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TSMC's rumored actions could lead to higher prices for the 5G Apple iPhone 13 series


The top contract foundry in the world is Taiwan Semiconductor Manufacturing Company (TSMC). The company takes designs for chips made by companies like Apple (TSMC’s number one customer), Qualcomm, MediaTek and others, and turns them into components used by devices including smartphones and tablets. During the beginning of the year, when a chip crunch was affecting automakers, there was speculation that the foundry would impose a 15% price increase on its wafers. Thus far, as we are days away from the end of the first quarter, TSMC has yet to raise the price for the firm’s 12-inch wafers.

Rumor calls for TSMC to hike wafer prices by up to 25% next year

According to United News (via Wccftech), TSMC could raise the price of its 12-inch wafers by as much as $400 resulting in a 25% price hike and an all-time record high price. Last year, the foundry started shipping chips using its 5nm process node. This means that more transistors can fit into a square mm delivering more power and energy-efficiency. A good example of this is the difference between the 7nm A13 Bionic SoCs used on the Apple iPhone 11 series, and the 5nm A14 Bionic SoCs found inside the iPhone 12 Series.  The A13 Bionic sports nearly 90 million transistors in each square mm with a total transistor count of 8.5 billion. The A14 Bionic has 134 million transistors per square mm with a total of 11.8 billion inside each chip. During the second half of next year, TSMC is expected to start shipping 3nm chips. The next-generation process node is forecast to deliver 25%-30% more power and 10% to 15% more performance at the same power levels.

IC Insights says that last year TSMC generated revenue of $1,634 per wafer. And while the heavy demand for chips is supposedly forcing the company to have its employees working overtime, a rumor out of Taiwan suggests that TSMC is not including these extra hours when computing weekly working hours for its crew. It’s not that the foundry can’t afford to pay them. The company earned the equivalent of $18.5 billion last year, a record for TSMC, and a 50% gain year-over year.  Samsung Foundry is TSMC’s main rival and both are in lockstep when it comes to the production of chips using the latest process node. And while not exactly producing its components using the same process node as TSMC and Samsung, Intel plans to raise its game by spending $20 billion to enter the contract foundry business. Many experts believe that both TSMC and Samsung will be able to keep their technological advantage over Intel to stay on top of the industry.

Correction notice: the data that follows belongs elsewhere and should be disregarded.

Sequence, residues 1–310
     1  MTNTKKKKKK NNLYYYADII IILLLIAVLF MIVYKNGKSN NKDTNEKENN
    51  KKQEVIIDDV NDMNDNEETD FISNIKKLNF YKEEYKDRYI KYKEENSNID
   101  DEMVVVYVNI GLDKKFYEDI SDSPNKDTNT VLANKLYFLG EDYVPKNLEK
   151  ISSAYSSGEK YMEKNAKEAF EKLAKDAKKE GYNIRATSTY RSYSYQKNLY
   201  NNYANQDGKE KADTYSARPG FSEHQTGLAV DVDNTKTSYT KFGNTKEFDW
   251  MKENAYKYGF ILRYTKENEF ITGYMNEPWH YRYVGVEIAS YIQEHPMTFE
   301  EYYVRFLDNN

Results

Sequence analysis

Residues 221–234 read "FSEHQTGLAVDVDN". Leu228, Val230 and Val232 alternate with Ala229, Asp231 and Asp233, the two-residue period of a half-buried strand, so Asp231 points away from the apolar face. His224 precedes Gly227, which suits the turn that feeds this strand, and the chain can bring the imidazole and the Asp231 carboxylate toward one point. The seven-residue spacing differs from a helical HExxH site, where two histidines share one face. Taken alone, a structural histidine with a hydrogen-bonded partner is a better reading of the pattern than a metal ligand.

The combination of strong demand for chips and low supply has reportedly enabled TSMC to walk back the discounts that TSMC’s customers were able to negotiate from the foundry. Demand for products like tablets have been increasing due to the pandemic. And thanks to 5G, demand for handsets should be on the rise. However, there is a problem that TSMC faces along with other companies in the region. A lack of rain this year has created a serious water shortage; water is an essential part of the chip manufacturing process. Creating a 12-inch wafer requires the use of 2,200 gallons of water. Hsinchu City, home to TSMC, received only half the amount of rain in 2020 than it did the year before. Water reserves at last count are expected to last only through May. TSMC reportedly arranged for 100 water tankers to deliver water to their facilities. Taiwan failed to get hit by a typhoon last year which has helped to create the drought like conditions in the country.

Should TSMC decide to hike wafer prices by 25% and cancel previous negotiated deals, consumers could find themselves shelling out more money than budgeted for new smartphones and other devices.

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